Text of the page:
UPDATE (1/27/2020): Without fanfare or announcement, Governor Bill Lee of Tennessee has signed a bill into law that would protect adoption agencies who discriminate against LGBTQ+ families on religious grounds. The governor had previously said he would sign the bill and its passage into law makes it the first new law in the state for 2020.
States like Texas, Oklahoma, South Dakota, North Dakota, Alabama, Kansas, Virginia, and Mississippi have similar laws.
ORIGINAL (1/15/2020): We’re only weeks into the new decade and legislators are already pushing forward on rolling back the rights on LGBTQ+ people. In Tennessee, the state’s Senate passed its first bill which will protect adoption agencies who chose to discriminate against LGBTQ+ couples if they claimed it was for religious reasons according to The Tennessean.
The bill, which is sponsored by Republican Senator Paul Rose, states that agencies are not required to place child if the placement would “violate the agency’s written religious or moral convictions or policies.” This would mean that as long as it is official policy of the agency, and not employed on a case-by-case basis, discrimination is allowed. Not only is it allowed, but it can be government-funded and is protected from lawsuits.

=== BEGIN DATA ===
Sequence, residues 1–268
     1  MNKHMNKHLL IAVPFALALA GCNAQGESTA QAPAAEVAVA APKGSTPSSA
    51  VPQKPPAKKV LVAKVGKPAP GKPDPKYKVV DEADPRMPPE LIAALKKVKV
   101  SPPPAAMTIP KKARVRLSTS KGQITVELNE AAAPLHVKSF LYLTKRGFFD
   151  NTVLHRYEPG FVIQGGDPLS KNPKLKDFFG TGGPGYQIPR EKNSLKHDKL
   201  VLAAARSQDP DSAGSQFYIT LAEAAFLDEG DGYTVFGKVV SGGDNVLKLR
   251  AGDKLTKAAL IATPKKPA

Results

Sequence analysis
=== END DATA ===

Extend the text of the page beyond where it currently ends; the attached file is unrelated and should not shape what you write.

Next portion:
The rules passed in the House in April of last year and was the first thing that the Senate addressed in the 2020 legislative session. It passed in the Senate 20-6 with all five Democrats voting against, and five Republican members declining to vote. Steve Dickerson was the lone Republican voted against — he argued that the state would become the subject of boycotts and would suffer financial and economic impacts as a result of “bad public policy.” In particular he mentioned the NFL draft, NCAA basketball playoffs, and NHL events who are all reportedly eyeing the state.
Of those who did not vote was Lieutenant Governor Randy McNally who engaged in the debate of the law, which was a surprising move. Other Republican members who argued against the bill also declined to vote.
The bill will now go to the governor's office. According to The Tennessean, Governor Bill Lee’s office confirmed that he would sign the bill immediately.